Talk about a "War on Women": this past week, the White House welcomed members of Egypt's Muslim Brotherhood, the radical Islamist organization whose Freedom and Justice Party won the largest number of seats in that country's parliamentary elections and which may take the Egyptian presidency as well.
The Brotherhood remains staunchly anti-American, anti-Israeli, anti-Christian, anti-Jew -- and anti-woman. In an interview posted today by Kerry Picket of the Washington Times, a member of the Brotherhood's delegation confirmed that sharia, or Islamic law, would guide all lawmaking in Egypt under his party's rule.
Since its origins in Egypt in the 1950, the Muslim Brotherhood has established branches throughout the Middle East, and contacts in the West as well. It has carried out and supported countless acts of terror and murder, and spread the radical Islamist ideology that sustains public support for terrorism.
Al Qaeda itself was inspired by the Muslim Brotherhood and its leaders. The current leader of Al Qaeda, Ayman al-Zawahiri, began his terrorist career in Egypt with the Muslim Brotherhood. There are alarming connections between the party taking over in Egypt and the 9/11 attacks in New York and Washington, D.C.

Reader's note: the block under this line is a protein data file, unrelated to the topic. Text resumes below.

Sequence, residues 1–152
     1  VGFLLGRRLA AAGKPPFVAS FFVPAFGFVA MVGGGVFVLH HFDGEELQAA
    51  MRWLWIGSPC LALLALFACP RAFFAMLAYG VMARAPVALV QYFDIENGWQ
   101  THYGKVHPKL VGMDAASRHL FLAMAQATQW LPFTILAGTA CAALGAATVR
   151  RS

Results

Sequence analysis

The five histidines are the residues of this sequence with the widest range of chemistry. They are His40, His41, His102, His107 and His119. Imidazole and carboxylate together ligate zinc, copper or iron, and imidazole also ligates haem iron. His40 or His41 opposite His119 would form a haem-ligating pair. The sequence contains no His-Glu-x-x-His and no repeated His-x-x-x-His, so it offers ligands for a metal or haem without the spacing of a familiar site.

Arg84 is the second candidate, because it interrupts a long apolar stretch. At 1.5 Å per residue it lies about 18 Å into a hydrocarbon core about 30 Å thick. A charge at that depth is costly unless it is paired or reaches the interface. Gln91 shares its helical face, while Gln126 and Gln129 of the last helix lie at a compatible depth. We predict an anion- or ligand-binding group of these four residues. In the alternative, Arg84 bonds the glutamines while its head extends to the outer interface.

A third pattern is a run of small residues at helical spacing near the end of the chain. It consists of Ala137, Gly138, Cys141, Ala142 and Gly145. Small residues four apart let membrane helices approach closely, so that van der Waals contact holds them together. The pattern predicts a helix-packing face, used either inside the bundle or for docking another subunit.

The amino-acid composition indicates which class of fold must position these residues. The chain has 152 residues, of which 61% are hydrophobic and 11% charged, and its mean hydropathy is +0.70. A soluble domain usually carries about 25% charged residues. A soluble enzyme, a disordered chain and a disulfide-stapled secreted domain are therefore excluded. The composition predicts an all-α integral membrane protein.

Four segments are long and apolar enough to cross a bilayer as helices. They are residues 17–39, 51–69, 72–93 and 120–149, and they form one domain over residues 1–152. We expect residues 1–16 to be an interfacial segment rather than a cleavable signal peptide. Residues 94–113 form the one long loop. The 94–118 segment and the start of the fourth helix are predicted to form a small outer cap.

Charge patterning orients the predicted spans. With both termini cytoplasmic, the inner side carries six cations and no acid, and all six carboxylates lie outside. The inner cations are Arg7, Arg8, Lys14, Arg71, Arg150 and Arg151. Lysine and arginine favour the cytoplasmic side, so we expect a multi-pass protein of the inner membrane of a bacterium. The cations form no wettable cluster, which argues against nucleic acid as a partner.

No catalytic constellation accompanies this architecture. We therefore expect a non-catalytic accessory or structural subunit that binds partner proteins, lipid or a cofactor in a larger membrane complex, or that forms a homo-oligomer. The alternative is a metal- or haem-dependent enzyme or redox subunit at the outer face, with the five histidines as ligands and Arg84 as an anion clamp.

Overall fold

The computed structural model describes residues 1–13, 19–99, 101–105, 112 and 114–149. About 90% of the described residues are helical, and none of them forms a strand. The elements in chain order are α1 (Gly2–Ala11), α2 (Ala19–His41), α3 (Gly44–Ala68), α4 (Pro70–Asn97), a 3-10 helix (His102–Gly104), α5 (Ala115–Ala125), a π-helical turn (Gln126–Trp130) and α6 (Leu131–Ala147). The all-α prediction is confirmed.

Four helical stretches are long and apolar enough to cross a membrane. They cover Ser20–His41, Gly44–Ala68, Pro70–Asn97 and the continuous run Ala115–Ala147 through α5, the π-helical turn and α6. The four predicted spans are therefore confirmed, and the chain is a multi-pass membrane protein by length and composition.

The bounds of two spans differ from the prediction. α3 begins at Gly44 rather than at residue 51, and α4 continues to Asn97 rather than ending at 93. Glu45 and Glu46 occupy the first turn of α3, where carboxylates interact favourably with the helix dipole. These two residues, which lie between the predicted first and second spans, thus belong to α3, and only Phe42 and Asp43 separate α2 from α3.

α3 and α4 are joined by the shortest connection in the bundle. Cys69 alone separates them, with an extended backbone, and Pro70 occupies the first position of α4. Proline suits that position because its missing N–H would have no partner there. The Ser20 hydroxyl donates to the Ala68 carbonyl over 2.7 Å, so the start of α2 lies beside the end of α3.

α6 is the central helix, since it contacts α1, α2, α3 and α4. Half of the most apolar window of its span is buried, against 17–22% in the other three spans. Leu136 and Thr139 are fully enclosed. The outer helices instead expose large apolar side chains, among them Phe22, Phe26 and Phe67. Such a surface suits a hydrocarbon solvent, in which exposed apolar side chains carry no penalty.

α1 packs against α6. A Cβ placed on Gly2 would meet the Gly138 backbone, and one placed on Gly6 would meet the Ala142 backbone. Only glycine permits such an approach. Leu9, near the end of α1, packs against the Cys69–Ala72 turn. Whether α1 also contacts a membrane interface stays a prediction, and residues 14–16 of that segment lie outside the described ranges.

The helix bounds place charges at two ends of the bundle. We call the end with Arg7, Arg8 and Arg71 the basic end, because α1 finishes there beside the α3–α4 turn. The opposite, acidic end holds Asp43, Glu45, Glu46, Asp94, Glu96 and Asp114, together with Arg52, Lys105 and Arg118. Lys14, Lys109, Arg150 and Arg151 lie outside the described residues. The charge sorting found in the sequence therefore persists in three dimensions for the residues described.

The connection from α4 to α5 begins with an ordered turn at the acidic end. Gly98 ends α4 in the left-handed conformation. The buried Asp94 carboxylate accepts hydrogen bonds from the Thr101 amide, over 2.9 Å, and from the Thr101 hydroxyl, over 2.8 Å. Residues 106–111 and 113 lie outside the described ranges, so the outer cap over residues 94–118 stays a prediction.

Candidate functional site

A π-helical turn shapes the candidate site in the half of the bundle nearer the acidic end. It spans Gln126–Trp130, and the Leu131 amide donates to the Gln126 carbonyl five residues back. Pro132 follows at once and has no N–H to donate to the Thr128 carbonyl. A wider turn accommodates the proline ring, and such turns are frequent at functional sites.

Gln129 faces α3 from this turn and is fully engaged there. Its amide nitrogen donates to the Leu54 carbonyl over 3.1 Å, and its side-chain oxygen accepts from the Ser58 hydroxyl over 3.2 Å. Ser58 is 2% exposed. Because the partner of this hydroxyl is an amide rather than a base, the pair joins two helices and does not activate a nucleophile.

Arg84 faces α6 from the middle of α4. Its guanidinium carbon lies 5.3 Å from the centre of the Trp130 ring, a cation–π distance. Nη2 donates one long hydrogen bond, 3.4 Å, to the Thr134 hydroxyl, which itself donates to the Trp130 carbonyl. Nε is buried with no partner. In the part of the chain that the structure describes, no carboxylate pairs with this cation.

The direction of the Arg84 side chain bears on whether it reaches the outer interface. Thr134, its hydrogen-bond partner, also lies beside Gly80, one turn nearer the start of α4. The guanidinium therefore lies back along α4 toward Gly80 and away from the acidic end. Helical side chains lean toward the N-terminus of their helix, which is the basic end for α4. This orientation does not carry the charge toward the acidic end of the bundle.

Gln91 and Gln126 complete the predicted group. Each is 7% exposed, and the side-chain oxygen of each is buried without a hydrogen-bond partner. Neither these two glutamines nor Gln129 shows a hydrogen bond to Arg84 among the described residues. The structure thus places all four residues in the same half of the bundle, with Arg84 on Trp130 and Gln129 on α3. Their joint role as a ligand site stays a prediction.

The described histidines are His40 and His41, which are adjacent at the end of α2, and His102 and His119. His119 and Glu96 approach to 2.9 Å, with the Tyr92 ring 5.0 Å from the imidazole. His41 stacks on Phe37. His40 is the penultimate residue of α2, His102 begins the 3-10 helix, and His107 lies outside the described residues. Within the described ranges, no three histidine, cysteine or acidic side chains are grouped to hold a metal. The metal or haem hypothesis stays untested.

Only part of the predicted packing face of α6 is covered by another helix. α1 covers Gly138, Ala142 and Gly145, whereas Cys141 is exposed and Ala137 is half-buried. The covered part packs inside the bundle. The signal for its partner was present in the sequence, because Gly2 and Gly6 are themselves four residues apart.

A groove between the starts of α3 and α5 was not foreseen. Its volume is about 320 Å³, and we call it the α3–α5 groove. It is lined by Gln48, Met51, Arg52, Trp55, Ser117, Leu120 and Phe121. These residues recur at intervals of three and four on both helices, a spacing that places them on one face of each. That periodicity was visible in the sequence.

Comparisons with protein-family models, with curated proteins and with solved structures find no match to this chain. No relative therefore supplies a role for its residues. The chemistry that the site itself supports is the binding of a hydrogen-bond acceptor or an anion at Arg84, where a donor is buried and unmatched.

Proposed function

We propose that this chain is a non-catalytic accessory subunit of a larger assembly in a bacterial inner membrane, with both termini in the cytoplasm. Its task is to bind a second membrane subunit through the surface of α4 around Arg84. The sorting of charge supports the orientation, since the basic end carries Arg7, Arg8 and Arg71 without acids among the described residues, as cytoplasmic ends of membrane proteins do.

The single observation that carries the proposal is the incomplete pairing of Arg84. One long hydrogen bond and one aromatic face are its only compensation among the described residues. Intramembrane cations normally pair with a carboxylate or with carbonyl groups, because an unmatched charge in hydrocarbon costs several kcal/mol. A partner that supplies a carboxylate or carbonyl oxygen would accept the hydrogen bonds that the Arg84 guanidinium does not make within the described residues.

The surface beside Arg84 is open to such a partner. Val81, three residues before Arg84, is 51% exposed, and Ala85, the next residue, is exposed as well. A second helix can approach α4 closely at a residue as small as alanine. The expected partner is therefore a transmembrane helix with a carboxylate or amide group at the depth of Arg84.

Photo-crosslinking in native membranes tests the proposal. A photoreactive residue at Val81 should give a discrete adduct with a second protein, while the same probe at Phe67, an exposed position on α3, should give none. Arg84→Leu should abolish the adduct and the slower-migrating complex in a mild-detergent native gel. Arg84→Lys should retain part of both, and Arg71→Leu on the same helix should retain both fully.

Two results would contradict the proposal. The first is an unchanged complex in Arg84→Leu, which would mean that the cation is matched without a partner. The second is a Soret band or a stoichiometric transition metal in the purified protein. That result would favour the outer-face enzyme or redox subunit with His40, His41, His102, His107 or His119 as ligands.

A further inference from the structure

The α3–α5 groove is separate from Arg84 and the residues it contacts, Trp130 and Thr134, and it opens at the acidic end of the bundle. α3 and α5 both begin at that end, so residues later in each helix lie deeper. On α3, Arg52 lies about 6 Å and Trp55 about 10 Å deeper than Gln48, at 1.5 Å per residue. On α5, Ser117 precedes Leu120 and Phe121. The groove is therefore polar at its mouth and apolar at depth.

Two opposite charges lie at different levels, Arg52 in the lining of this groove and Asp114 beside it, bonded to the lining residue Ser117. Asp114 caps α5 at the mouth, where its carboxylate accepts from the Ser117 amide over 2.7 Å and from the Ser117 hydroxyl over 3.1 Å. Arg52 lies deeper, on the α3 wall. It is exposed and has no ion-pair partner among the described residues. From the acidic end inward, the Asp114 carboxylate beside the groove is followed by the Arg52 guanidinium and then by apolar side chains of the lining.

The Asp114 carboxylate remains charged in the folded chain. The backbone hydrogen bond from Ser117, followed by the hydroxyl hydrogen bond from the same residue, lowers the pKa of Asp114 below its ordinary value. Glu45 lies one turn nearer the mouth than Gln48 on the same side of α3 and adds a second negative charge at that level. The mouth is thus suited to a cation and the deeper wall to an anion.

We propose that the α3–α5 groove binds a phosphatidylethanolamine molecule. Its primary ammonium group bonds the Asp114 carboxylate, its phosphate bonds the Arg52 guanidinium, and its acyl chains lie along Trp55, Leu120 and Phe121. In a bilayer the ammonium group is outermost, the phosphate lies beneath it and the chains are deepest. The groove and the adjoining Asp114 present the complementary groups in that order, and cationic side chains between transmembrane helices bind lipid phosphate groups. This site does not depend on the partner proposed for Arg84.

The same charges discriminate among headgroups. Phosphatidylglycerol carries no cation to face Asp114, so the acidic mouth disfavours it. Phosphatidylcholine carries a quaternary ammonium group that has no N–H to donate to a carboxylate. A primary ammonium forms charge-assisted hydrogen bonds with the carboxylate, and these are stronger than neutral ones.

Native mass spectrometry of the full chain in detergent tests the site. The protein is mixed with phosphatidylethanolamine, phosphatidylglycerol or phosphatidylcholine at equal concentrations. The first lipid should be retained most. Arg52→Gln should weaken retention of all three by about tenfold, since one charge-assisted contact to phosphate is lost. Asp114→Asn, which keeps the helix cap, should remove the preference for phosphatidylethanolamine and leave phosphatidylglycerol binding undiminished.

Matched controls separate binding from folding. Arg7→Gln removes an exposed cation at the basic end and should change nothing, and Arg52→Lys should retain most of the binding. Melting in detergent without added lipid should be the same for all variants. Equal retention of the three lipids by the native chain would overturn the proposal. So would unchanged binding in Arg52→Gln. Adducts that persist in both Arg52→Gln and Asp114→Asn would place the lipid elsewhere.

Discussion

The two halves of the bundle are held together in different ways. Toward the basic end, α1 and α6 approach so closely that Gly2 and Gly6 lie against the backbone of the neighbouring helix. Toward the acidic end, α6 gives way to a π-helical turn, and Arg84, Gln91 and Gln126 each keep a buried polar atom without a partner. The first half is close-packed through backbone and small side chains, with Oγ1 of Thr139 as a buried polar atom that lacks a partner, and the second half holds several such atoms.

Yet President Barack Obama has decided that the United States should "engage" the Brotherhood, apparently believing that doing so will deter the Brotherhood from its radical course, and grant the United States a voice in the new Egyptian government--as it once had in the dictatorial regime of ousted president Hosni Mubarak, the man Obama abandoned during the so-called Arab Spring. This wasn't a spur-of-the-moment decision; Obama was always pro-Muslim Brotherhood, going out of his way in February 2009 to finagle invitations for them to his Cairo speech.
Obama clearly has a soft spot for the Brotherhood. When Iranians took to the streets in 2009 and nearly overthrew their government, President Obama remained on the sidelines, effectively protecting the regime. When it came to the Muslim Brotherhood, however, the Obama administration didn't hesitate in intervening in Egypt's internal power struggle, even though there is no sign that American intervention would be any more popular in Egypt than it is in Iran.